Thanks to the efforts of XDA Senior Member popfan, the Xperia Ion now has Init.d support, a CPU Editor, and a ClockworkMod Recovery. This is a great start for a device that was only rooted a short time ago, and provides ROM and kernel developers with a solid development base on which to work. There some problems with ClockworkMod Recovery. It mostly works, but it has shown to be unstable and will reboot randomly. Work is being done to correct it, but for now users should proceed with caution.
For the Init.d support, users thankfully don’t need ClockworkMod recovery. Popfan has provided a nice Windows-only script that will add Init.d support to the Xperia Ion without having to flash it via recovery. After that’s done, users can then use the CPU Editor. The CPU Editor has quite a few nice features, including:
Change CPU Governor
Change CPU Min/Max Frequencies
Apply Settings on Boot – Sticky Mode
Set Dual Core CPU’s Independently – Governor and Frequencies
Force Dual Core – Second Core Online ALL The Time
Seperate Menus For Single and Dual Core Devices – Auto Selects
View Current Settings For Everything
Now uses config file to store values
Even though the Xperia Ion doesn’t have prolific developer support yet, there are some very useful tools for users to play with until more things become available. For more info, check out the CPU Editor thread, the init.d thread, and the CWM thread.
As usual, when a device is first released, the biggest worry around here is whether the device will get rooted. In some cases, the root method can be ridiculous. In other cases the root method can be pretty simple. In all cases, root being achieved is a positive thing and that’s even if it’s an overly complex method. Sony Xperia Ion users are fortunate, however, as their root method is relatively simple.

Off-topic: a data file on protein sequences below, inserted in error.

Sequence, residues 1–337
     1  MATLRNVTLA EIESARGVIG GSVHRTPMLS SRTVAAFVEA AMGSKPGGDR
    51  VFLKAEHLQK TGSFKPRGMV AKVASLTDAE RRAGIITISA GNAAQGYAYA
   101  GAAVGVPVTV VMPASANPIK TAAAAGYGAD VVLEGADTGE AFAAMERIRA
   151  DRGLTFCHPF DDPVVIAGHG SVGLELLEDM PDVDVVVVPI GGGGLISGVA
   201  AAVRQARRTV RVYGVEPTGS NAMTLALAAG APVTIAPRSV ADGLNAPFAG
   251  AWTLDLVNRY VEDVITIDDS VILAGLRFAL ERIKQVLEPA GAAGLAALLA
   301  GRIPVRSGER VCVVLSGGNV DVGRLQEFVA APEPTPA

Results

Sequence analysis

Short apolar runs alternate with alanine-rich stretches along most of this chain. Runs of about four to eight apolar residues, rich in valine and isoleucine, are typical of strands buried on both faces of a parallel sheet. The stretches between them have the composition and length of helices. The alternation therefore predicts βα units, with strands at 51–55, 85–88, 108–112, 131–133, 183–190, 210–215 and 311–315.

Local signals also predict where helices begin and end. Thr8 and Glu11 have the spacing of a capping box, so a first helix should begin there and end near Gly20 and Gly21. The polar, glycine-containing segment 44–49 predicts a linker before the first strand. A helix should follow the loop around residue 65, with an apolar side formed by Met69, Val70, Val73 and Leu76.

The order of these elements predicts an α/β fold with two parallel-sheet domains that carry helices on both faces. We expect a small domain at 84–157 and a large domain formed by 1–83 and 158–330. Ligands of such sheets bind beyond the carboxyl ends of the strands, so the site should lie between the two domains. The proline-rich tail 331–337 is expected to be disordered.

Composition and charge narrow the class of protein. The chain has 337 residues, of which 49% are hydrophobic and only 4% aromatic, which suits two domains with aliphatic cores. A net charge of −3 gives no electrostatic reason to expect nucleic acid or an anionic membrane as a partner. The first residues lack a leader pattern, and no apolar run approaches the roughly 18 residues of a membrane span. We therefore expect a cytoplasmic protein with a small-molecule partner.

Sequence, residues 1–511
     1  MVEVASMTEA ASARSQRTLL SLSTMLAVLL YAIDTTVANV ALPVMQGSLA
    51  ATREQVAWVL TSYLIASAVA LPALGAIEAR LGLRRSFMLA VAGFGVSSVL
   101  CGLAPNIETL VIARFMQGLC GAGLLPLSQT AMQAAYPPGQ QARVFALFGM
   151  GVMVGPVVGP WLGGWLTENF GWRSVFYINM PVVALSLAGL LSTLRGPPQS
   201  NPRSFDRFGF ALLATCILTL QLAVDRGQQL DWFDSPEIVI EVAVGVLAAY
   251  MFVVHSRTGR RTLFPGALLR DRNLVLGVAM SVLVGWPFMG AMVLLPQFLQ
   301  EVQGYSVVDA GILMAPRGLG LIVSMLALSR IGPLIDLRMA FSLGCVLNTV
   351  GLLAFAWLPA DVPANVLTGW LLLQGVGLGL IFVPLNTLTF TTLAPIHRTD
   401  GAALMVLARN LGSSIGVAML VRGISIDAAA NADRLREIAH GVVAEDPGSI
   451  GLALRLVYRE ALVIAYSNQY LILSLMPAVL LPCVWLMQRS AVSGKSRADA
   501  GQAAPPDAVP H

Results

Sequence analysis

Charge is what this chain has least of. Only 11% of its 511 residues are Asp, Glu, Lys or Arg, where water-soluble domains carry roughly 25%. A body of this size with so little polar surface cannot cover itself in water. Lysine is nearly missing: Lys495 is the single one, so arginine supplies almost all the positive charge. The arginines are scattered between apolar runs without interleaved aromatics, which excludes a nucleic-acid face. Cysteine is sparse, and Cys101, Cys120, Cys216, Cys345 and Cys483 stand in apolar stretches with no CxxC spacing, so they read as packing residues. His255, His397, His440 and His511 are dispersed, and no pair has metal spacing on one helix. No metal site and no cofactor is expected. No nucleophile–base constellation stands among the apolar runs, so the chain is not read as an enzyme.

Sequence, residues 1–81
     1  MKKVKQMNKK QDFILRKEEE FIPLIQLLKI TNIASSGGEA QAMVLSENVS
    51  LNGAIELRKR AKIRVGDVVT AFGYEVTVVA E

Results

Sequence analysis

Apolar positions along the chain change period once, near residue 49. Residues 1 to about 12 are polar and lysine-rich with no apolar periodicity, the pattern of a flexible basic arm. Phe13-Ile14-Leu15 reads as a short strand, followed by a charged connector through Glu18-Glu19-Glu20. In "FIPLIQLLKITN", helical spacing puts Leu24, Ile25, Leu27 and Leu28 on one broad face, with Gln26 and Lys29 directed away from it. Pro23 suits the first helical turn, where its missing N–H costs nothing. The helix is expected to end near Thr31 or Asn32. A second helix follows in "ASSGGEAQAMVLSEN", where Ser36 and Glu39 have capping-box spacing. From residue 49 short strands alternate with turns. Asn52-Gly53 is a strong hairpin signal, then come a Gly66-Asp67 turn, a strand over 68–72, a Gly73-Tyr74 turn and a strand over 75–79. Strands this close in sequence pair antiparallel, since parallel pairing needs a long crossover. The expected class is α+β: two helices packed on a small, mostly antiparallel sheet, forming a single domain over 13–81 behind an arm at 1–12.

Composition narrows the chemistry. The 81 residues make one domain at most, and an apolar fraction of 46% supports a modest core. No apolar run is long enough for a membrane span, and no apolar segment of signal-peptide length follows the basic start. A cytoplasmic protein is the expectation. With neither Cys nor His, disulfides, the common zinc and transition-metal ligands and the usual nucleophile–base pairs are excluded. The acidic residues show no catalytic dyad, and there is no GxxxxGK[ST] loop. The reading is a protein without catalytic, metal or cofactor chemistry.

XDA Forum Member yuunanase has released a method that’ll get the LT28i rooted pretty quickly and without much effort. Users are first instructed to unlock their bootloaders. From there, they are to download an insecure kernel to flash. After that, it’s a matter of running a quick root package script and downloading the Superuser and Busybox Installer apps from Google Play. That’s all there really is to it.
Although the root method has been reported working, there are a few users who may be uneasy about flashing an insecure kernel. For these users, there may be another solution in the works, as yuunanase may be working on a pre-rooted system.img with the help of XDA Senior Member Spectre51 for users to flash instead of the kernel. So if the kernel method is not for you, there may be a second option coming soon.
To learn more, check out the original thread.
Back in October, we were greeted by news that Sony was set to buy out the remainder of Sony Ericsson for a cool $1.45 billion—a move made with the hopes of delivering better product integration and bolstering patent holdings. Fast forward two-and-a-half months, and now we have our first purely Sony phone since the 2001 merger—and what a phone it is!